Why Tanzania's social security plan needs reforms
Dar es Salaam. An expert has recommended reforms in the country’s social security protection for it to flourish and provide stability in Tanzania, warning that, otherwise, any news related to financial difficulties would cause people to lose confidence in the whole system.
Mr Ibrahim Muhanna, managing director of Muhanna & Co (Actuaries and Consultants), told The Citizen in an exclusive interview that not only the system would suffer but also people would lose hope.
“Reform is crucial to ensure social protection system’s success. The current one is partially funded, with pool risks and resources across, based on the principle of social solidarity which are normally financed by contributions from workers and employers,” he said.
Said he, “a need for reforms is usually captured either through periodical actuarial valuations or labour market pressures. And that the longer it takes to respond to the said needs (reforms), the more difficult it will be, which in turn causes intergenerational inequality.”
Mr Muhanna noted: “with current regulations, a lump sum payment is calculated based on the average of the highest three-year salaries towards retirement. For me, it should not work like that, there shouldn’t be a lump sum payment at all.” “In the private sector, the monthly contribution needs to be less than the current 20 percent of an employee’s salary. 10 to 15 percent would be advisable and should be contributed by both the employee and the employer, each contributing 50 percent.”
His argument is based on the fact that no employer runs business on charitable basis. Therefore, an employer shouldn’t be given a huge burden as some workers may leave and look for green pastures elsewhere.”
The expert said: “The history behind social security was to create loyal workers and therefore, if there is a need for more social security benefits then it should be between the employer and the employee to decide and not the government.”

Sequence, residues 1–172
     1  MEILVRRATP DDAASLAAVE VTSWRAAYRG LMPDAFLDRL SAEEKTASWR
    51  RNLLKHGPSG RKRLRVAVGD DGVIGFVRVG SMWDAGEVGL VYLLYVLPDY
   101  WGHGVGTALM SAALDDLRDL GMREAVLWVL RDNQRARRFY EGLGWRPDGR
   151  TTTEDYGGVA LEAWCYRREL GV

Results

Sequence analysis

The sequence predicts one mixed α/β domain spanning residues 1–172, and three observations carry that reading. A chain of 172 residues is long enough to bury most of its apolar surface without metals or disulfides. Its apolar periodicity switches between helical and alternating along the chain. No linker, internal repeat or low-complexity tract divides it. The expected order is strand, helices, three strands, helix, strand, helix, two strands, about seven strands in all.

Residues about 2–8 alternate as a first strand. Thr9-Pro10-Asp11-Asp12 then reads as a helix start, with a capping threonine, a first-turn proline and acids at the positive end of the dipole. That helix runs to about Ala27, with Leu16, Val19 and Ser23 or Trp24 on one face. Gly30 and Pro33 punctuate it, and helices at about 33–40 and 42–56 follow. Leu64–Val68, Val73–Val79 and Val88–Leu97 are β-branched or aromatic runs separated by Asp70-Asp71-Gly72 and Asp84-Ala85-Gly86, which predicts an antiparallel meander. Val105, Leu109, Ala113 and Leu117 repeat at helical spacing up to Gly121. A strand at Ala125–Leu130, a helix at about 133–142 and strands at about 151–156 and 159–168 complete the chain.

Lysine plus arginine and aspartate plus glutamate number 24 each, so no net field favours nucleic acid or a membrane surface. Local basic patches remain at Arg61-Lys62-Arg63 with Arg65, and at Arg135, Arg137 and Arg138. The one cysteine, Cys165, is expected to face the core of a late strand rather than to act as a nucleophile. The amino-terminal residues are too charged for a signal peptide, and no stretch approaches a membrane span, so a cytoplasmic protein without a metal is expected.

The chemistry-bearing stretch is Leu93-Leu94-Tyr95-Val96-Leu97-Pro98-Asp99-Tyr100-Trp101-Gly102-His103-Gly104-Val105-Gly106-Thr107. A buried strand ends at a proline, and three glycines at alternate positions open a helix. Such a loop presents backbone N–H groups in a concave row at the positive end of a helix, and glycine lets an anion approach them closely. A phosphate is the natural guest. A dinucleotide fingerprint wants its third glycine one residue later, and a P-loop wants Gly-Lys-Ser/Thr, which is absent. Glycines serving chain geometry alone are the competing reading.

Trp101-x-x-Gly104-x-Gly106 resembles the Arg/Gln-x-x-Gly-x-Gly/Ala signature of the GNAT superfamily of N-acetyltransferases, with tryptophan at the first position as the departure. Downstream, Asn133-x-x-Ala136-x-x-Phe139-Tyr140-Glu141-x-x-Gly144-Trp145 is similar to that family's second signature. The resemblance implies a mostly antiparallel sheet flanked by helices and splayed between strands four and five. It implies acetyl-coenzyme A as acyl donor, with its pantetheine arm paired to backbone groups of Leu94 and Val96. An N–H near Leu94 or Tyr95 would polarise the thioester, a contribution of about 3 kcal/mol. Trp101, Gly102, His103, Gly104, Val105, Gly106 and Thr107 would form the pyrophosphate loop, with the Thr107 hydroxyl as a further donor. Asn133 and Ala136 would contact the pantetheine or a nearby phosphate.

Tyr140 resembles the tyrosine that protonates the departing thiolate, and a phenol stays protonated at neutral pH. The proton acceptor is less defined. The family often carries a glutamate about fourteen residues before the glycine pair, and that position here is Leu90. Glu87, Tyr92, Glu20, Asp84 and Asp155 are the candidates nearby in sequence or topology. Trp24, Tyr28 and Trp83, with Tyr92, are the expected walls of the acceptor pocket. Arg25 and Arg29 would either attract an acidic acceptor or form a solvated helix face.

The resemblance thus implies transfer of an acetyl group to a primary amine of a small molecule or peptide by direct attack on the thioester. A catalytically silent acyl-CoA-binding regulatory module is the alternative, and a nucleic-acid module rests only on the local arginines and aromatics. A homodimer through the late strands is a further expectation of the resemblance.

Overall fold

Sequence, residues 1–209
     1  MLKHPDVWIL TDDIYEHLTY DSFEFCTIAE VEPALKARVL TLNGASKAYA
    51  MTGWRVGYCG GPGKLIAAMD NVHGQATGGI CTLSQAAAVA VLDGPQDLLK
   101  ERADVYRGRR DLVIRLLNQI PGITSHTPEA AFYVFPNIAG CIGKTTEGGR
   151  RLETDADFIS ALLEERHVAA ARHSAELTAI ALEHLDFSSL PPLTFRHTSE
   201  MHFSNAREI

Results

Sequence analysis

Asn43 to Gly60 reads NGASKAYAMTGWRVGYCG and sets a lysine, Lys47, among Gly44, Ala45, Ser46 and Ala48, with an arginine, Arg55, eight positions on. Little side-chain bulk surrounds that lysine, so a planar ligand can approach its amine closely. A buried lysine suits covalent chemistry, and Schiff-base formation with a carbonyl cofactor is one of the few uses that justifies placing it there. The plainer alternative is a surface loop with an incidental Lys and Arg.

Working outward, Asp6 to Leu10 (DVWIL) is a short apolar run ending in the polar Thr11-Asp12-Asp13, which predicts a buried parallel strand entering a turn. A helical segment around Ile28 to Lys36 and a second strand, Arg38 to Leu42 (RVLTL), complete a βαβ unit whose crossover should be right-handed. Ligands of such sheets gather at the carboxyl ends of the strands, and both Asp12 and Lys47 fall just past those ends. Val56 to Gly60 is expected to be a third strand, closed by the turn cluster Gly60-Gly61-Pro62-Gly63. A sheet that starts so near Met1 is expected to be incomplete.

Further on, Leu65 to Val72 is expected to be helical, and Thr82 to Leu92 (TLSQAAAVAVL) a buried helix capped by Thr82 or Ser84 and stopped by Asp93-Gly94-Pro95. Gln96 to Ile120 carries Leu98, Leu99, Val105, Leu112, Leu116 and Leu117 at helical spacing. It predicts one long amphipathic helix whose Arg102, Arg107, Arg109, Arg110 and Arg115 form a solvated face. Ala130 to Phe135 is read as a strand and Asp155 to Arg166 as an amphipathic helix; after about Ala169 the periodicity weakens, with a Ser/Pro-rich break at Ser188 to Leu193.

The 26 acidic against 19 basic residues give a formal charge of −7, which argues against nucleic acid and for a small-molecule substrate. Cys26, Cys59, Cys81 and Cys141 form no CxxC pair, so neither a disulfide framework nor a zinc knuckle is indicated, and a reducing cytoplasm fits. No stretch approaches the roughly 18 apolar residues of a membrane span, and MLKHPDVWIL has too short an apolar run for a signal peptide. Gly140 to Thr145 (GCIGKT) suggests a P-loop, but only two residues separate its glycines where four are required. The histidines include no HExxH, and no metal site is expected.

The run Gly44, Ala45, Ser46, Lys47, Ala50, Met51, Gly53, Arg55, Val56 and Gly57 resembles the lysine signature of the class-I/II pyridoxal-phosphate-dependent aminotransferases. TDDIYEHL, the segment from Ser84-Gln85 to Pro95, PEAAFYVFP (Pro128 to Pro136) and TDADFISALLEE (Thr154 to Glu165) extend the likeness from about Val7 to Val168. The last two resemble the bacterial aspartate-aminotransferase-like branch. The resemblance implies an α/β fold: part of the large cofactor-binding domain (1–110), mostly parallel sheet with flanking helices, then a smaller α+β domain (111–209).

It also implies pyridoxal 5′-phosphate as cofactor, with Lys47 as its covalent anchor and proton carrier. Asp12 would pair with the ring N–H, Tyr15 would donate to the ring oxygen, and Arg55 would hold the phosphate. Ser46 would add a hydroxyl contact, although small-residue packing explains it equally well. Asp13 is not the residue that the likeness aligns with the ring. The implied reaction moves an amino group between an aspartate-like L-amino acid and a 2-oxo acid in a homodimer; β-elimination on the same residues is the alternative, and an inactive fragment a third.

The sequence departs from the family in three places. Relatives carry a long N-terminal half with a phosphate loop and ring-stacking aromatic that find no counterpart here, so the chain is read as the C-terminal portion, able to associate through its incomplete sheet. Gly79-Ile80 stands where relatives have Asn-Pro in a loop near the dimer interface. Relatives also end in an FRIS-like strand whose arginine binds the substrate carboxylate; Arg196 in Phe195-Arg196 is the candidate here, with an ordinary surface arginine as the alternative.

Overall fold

Although Mr Muhanna thinks a need for more social funds is needed, but a journal dubbed ‘Analysis of a Reform Option for the Tanzanian Pension System’ by Dr Andongwisye Mwakisisile, a University of Dar es Salaam lecturer, suggested that an entire system overhaul was needed.
For him, the said reform should change the current Pay-as-you-go (PAYG) into a notional defined contribution (NDC) system.
The PAYG is defined as pension system where current contributions from working members are used to pay benefits to retirees.
Yet although the NDC is still a pay-as-you-go arrangemen but with an individual notional account, which seems to be more resilient with respect to financial balance and sustainability.
According to him, with PAYG, contributions may exceed benefit payments, but as the system matures, benefits increases against contributions, which can lead to financial difficulties. But the NDC system addresses the fiscal, political, social, and economic needs of a reform while keeping the financial burden at a low level, and that the benefit is a lifetime pension which can be claimed at any time from the minimum retirement age.
According to Dr Mwakisisile, the suggested reform should start in 2026, though a transition period of ten years is suggested, that is, up to 2035. He added: “We choose the year 1975 to be the starting point of the analysis. This means that the members born from 1975 will be shifted to the NDC system in 2026. “
Tanzania’s pension system experienced various changes like in 2008 the government established the dissolved Social Security Regulatory Authority (SSRA) for the purpose of regulating social security activities.
And due to competition on attracting members among social funds, some funds were paying higher benefits, which put them in the risk of insolvency. In 2014, SSRA issued the pension benefit harmonization rules to be applied for all mandatory defined benefit pension schemes.
The rules described two benefit formulas, which are, a lump sum payment to be paid at retirement and monthly benefit to be paid after retirement until the death of the retiree. The harmonization rules lowered the benefits for some funds and removed the early retirement pensions such as withdrawal benefits.